Cornell College and Mount Vernon fit together perfectly
Mount Vernon just wouldn't be the same without Cornell College.
Founded in 1853, the four-year liberal arts college is one of only two campuses in the country that is listed on the National Register of Historic Places. It is both the oldest and largest employer in Mount Vernon.
Unlike most of its peers, Cornell offers students a different way to learn.
Students at the college only take one course at a time instead of the usual full load of classes at once for an entire semester. This keeps students on their toes, as the condensed schedule keeps things moving at a quick pace.
"I think the joke around here is that students in a semester plan can procrastinate for a few weeks," Craig Tepper, biology professor, said. "Here you can procrastinate for a few hours."
WIth a smaller time frame on a calendar to work with, both professors and students must keep a tight focus on one area at a time.
"Students are really interested in really immersing themselves in a topic," Dee Ann Rexroat, Cornell Communications Director, said. "And then you finish [it] in 18 days. You have a four-day break, and then you start all over again with a fresh course the next Monday. It's really exhilarating."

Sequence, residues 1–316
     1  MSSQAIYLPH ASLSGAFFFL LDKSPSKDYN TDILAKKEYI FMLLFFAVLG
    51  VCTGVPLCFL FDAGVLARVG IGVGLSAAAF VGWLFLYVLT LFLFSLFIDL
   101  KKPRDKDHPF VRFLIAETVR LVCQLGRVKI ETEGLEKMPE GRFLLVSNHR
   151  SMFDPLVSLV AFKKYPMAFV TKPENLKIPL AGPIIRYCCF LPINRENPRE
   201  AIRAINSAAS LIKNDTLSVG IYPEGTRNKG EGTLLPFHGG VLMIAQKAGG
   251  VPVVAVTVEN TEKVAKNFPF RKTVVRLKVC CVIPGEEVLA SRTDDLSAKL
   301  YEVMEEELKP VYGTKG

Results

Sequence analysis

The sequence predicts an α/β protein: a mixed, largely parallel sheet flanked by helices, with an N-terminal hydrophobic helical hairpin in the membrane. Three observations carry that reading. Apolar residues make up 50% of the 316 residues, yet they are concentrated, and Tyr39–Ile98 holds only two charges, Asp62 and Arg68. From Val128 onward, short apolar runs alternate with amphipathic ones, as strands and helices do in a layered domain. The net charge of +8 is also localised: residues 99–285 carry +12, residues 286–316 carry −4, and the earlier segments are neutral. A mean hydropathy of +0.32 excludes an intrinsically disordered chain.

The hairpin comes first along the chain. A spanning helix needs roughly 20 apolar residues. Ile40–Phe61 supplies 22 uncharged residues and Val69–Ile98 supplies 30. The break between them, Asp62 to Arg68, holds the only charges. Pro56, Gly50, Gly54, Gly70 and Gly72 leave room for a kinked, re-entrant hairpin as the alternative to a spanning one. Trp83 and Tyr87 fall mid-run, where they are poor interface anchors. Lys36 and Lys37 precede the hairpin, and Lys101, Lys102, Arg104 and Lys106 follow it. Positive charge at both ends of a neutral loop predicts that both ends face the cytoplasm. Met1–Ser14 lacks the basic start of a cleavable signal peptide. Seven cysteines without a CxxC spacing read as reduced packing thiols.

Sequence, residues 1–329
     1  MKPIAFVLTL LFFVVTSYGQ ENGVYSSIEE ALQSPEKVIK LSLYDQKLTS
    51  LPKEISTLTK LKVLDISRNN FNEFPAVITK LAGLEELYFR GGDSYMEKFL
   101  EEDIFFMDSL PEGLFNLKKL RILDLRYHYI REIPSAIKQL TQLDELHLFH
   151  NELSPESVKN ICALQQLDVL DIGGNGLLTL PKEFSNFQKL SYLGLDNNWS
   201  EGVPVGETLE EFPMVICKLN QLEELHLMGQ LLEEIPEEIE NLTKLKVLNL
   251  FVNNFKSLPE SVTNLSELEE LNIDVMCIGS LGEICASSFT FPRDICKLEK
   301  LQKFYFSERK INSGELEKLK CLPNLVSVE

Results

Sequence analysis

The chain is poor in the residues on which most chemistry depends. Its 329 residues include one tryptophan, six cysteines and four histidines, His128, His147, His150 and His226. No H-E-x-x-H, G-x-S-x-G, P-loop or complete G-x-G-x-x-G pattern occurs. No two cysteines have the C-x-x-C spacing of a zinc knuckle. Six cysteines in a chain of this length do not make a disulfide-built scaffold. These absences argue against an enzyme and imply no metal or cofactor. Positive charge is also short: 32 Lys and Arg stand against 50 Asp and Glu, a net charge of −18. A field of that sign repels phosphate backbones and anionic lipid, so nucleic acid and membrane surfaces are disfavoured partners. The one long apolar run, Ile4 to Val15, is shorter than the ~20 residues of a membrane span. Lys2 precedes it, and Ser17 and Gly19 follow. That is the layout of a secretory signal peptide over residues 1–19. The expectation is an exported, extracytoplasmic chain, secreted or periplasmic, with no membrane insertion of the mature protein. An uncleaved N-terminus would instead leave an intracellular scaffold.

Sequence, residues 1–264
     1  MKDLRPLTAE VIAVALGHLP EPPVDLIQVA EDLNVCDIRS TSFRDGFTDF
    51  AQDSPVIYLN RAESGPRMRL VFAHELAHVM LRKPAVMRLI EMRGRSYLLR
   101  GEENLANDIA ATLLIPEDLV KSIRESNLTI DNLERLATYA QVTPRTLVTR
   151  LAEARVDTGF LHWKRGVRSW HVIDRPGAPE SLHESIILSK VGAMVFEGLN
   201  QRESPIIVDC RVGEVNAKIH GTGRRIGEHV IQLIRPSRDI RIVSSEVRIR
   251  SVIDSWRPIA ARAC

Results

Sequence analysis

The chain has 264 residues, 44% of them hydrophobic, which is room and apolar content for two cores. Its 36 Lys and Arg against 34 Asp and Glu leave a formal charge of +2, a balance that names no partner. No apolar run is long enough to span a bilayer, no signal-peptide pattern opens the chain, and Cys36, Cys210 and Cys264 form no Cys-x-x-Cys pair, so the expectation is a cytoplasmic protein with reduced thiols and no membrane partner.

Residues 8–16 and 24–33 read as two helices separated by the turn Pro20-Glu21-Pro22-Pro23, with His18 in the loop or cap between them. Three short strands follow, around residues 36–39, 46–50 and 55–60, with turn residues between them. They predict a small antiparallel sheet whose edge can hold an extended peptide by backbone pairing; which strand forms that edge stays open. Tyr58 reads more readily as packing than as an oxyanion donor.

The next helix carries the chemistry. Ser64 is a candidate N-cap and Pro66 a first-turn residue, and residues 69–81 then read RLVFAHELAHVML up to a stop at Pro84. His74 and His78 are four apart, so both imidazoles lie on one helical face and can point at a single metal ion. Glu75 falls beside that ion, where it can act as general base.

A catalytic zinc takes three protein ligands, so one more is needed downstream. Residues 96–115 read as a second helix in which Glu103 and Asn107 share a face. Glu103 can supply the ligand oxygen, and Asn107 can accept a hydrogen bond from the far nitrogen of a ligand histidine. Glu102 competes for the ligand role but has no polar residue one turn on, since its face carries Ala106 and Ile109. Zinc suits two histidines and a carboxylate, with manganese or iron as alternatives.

It also means the traditional method of students enduring long faculty lectures doesn't work at Cornell.
"Faculty members are going to get bored, and so are the students," Tepper said. "So, you have to mix it up with group projects, discussion groups, and for us, it's mostly laboratory working, into the lab off and on."
The uniqueness of the learning experience at the college brings an element to the otherwise typical Iowa town that it probably would not attract alone. Students come from 42 states and 17 different countries. The variety of backgrounds on campus is an important part of the community.
"We have over a thousand students living here, which is about a quarter of the population of Mount Vernon," Rexroat said. "And they bring a lot of diversity to this small town in Iowa."
The relationship between the town and the college is close, with either being associated with one another when you hear them named.
"A lot of us live in Mount Vernon," Tepper said. "A lot of faculty have been on various boards and things for the city. And it's sort of a two way street for us. At least the 30 years I've been here, it's been very enjoyable."
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